The discipline I shall call thalience is not concerned with scientific truth, but rather with establishing personal and cultural relationships between human beings and the physical world that make the true natures of both comprehensible to us.

The city that sprawled around Marya now had paid the price for Cadille’s inquiries. By the time of the Hamburg insurrection, science had become as powerful and jealous an orthodoxy as religion had been in the middle ages. Hamburg was the center of the thalience movement; scholars had since believed it coincidental that this city was also the home of the Ventus terraforming project.

This idea, Cadille had written, stems from my perception that several centuries of scientific endeavor have shown that we attempt to use science to impose our own image on the world. The ultimate motivation for science is mastery of Nature, when investigation proceeds as an interrogation. Our investigations also bear our cultural biases–the classic example being Darwin’s theories having been influenced by the unbridled capitalism of England in his day. Finally and most damning is the fact that this investigation is entirely one-sided: we make up stories about how Nature truly is. Nature itself is silent on the subject.

In those days Germany was experiencing a renaissance because of its supremacy in marrying artificial intelligence to nanotechnology. The Hamburg Spin Glass became indistinguishable from a human mind in 2075, an event that rocked the world. Marya could barely imagine why; everything in her world could think, in one way or another.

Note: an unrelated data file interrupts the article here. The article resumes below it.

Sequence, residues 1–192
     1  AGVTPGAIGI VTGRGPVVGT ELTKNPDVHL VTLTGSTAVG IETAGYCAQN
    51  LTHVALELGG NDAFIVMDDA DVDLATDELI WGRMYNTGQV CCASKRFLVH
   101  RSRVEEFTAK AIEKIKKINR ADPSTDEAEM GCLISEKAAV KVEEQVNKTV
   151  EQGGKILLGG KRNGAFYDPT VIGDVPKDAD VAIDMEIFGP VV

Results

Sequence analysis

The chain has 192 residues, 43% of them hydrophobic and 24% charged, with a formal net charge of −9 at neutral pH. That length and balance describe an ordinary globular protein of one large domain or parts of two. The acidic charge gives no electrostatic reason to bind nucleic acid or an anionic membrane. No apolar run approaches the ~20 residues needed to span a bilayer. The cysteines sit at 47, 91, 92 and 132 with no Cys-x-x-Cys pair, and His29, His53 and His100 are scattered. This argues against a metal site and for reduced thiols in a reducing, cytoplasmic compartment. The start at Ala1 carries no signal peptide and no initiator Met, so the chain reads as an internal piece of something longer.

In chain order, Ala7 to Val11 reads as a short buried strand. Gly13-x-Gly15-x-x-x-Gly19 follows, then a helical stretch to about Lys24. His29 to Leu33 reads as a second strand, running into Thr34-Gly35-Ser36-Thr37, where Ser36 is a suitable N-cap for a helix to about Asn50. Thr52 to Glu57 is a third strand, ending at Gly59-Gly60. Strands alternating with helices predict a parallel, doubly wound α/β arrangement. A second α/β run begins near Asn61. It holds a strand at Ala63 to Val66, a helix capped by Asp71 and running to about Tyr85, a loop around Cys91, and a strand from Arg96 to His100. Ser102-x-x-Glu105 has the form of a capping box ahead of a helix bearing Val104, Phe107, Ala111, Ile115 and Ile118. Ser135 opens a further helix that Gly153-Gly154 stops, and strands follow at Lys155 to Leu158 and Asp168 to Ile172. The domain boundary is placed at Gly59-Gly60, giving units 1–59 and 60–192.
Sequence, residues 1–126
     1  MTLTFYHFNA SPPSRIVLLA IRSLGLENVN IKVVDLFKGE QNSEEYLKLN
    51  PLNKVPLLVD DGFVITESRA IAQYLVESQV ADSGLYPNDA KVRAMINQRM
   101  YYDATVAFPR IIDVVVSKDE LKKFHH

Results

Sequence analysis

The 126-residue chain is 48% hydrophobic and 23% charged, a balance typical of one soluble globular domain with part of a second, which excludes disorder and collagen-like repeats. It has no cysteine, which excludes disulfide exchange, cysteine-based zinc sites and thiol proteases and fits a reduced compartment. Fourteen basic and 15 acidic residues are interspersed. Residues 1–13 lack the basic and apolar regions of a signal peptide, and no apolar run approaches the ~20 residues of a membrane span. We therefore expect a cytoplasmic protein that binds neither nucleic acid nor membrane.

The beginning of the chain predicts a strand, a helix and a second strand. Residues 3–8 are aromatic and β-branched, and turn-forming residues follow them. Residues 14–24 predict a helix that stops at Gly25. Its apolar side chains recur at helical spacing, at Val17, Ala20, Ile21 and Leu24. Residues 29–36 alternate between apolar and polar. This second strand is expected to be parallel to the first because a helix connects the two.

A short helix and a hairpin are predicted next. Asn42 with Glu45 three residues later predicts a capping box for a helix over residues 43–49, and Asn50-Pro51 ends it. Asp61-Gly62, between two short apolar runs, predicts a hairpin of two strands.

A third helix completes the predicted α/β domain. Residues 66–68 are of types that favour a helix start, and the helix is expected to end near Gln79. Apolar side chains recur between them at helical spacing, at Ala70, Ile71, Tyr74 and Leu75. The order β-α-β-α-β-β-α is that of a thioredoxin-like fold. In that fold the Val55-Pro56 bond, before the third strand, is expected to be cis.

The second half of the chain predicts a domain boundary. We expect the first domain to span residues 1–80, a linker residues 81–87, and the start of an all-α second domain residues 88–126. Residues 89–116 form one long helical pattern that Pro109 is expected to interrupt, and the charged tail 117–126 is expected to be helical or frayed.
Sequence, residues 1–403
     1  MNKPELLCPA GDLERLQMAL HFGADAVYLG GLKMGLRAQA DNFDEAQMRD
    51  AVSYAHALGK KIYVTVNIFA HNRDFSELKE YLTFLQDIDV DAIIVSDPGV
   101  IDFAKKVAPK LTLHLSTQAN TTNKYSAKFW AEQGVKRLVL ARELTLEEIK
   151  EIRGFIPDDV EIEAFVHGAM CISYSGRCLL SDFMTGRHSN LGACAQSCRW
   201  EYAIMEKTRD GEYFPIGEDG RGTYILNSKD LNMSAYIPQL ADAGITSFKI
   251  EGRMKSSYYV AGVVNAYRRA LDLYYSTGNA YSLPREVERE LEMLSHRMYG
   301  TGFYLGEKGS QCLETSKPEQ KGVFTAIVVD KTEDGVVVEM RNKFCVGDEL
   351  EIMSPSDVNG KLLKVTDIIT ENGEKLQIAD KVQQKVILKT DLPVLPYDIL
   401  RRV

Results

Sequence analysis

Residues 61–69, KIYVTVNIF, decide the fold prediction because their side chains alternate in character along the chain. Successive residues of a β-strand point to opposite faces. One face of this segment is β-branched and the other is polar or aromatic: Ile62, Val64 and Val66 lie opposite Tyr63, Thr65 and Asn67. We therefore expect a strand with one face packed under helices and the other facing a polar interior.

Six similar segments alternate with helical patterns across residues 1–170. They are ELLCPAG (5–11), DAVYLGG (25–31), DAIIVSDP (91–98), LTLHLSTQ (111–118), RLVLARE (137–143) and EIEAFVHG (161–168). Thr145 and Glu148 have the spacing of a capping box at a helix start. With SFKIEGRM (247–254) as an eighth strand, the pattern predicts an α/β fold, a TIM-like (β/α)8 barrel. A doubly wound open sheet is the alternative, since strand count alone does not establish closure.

Cadille’s article landed in the middle of the controversy like a bomb.

…Frankenstein’s monster speaks: the computer. But where are its words coming from? Is the wisdom on those cold lips our own, merely repeated at our request? Or is something else speaking? –A voice we have always dreamed of hearing?

In her paper Cadille had identified her new discipline with a mythological figure called surda Thalia: silent Thalia. She was the Muse of the poetry of Nature, and Cadille’s proposal was to transcend the human perspective by giving a voice to Nature itself, using artificial intelligences.

For so long have we thrown questions at the sky. We need the answers in order to live. We need answers so badly that we have invented gods and put words in their mouths, just so we could have something to believe in. We invented metaphysics and essences behind appearances for the same reason. Sometimes we need a dialog with the Other more than we need life itself.